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‘Dying art’ of stained glass provides a living for one artist

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HATTIESBURG, Miss. (AP) – Kyle Baughman welcomes working from his studio at the Hattiesburg Community Arts Center.

The stained glass artist, one of the few in the city, relocated to the downtown facility at 825 N. Main St. from a shop at a construction company about six months ago.

The owner of Hub City Stained Glass is among the artists who will be participating in the Spring Art Market, which will be held at the center March 20.

On a table is one of his colorful hand-crafted works, a circular piece made of blue and green panels of glass formed into a symmetrical design. The center of the piece is fitted with the bottom of a broken glass bottle that reads, “Hattiesburg, MS.”

Baughman said the broken Coca-Cola bottles, which he uncovered in downtown Hattiesburg, likely date back to the 1930s or earlier, and he is incorporating the bottles, a piece of Hub City history, into his work.

Living in Hattiesburg and the surrounding area his whole life, Baughman has been working with stained glass for 12 years, which he said is sometimes called a “dying art.”

Baughman got his start as a glazer, someone who works with glass, in 2004 when he began working for a friend’s dad. He started his own stained glass business in 2015. Allison Neville, his wife, helps him in the studio.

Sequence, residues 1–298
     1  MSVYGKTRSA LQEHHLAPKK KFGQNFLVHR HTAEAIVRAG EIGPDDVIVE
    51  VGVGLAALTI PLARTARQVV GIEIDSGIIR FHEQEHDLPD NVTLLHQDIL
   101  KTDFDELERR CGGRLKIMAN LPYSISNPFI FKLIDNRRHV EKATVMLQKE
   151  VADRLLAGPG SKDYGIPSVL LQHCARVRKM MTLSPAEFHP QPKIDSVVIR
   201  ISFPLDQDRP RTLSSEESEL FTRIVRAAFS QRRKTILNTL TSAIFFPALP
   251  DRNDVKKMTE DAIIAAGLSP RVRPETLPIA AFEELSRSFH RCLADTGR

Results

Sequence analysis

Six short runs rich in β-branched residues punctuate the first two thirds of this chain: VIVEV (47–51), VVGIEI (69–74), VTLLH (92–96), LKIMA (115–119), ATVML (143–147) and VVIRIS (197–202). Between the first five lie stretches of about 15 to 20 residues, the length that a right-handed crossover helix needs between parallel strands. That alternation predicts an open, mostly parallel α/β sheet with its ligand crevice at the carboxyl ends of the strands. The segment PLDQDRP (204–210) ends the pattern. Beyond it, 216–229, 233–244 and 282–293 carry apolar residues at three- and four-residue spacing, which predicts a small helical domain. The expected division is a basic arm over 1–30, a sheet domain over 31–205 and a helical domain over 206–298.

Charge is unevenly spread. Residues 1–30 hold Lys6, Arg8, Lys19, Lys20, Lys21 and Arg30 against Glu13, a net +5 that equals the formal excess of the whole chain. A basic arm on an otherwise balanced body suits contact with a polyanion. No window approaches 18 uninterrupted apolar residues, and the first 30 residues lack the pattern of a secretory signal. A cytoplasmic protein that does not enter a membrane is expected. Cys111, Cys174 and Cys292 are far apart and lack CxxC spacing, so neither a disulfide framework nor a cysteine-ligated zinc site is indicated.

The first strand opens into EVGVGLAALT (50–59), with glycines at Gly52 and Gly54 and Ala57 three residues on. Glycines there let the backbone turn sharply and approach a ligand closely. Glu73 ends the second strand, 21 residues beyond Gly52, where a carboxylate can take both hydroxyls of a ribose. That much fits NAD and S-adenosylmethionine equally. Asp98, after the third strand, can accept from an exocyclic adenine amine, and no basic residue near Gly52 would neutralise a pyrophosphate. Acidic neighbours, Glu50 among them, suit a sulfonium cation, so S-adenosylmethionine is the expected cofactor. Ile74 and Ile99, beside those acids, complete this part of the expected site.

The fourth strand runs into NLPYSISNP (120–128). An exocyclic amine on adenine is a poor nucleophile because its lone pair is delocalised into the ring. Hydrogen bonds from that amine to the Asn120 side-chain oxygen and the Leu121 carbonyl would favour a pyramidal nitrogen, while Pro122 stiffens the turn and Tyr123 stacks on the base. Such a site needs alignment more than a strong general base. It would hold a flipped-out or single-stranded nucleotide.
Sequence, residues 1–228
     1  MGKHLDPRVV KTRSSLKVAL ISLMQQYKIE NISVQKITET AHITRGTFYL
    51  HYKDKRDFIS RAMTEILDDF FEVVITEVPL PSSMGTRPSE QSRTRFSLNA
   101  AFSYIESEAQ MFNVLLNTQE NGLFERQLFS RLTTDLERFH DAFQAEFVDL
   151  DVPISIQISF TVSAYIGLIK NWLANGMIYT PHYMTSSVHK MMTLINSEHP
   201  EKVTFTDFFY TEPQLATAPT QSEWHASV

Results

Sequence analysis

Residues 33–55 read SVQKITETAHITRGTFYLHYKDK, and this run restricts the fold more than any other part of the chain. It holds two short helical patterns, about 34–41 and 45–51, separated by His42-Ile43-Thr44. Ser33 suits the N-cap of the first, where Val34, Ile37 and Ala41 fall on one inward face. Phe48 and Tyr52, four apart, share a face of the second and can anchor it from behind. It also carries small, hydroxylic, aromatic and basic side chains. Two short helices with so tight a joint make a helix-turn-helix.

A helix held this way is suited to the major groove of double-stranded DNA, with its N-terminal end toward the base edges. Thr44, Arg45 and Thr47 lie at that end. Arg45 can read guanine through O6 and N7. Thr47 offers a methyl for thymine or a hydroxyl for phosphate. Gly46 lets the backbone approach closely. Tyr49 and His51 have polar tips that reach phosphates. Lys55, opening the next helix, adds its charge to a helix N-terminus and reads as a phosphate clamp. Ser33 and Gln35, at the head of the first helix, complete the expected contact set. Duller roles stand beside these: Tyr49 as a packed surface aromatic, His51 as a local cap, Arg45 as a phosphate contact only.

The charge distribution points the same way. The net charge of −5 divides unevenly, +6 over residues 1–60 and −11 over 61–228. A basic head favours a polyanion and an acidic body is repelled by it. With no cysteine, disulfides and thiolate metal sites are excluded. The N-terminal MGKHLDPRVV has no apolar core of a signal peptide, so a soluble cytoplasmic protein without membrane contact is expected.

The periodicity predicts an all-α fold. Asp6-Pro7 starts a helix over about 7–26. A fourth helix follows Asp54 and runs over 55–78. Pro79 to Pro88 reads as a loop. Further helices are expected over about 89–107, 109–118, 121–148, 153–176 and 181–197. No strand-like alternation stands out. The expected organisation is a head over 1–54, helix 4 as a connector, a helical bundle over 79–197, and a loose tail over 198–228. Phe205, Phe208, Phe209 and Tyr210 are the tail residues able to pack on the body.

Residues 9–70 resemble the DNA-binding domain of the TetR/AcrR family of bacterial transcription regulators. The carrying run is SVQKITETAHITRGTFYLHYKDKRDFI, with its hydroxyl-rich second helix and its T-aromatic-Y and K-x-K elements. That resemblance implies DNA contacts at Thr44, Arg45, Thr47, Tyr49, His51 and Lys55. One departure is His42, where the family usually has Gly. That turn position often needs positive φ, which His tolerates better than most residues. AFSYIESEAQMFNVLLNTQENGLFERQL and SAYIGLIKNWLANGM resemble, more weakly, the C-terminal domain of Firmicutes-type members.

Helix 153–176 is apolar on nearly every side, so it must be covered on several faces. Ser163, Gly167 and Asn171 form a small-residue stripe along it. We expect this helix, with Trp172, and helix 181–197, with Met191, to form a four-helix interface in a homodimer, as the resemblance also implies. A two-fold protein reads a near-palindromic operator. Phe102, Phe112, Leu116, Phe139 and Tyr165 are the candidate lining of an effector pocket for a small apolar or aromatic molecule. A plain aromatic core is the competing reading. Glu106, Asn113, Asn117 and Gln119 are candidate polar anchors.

“The community, the city of Hattiesburg and local areas are really supportive,” Baughman said. “I’ve been able to do this full time for four years.”

Baughman said he finds most of his clients on social media, and most are local.

“I would say 80% of my work’s in Hattiesburg,” Baughman said. “Probably another 12% is local. I’ve done work on the coast, in New Orleans and I’ve shipped pieces to Seattle and Texas.”

Though most of his work is commissioned, usually starting at about $150 per square foot, Baughman said he also creates smaller pieces to sell at art shows. Those normally sell from $20-$40.

Baughman said when the coronavirus pandemic hit Mississippi last March, he saw a major impact on his business.

At the beginning of 2020, he was working on a two-month project, but when it was completed, it was months before he got another commission.

“I kept working, making stuff to try to sell,” Baughman said. `”It’s definitely affected it, but not as bad as other people, so I was lucky for that.”

Despite the the pandemic, the glazer is confident in the future of his stained glass business.

“Other than about six months in COVID, I haven’t slowed down,” Baughman said. `”I feel fairly confident that I’ll keep making art and somebody will buy it.”


By LAUREL THRAILKILL, Hattiesburg American

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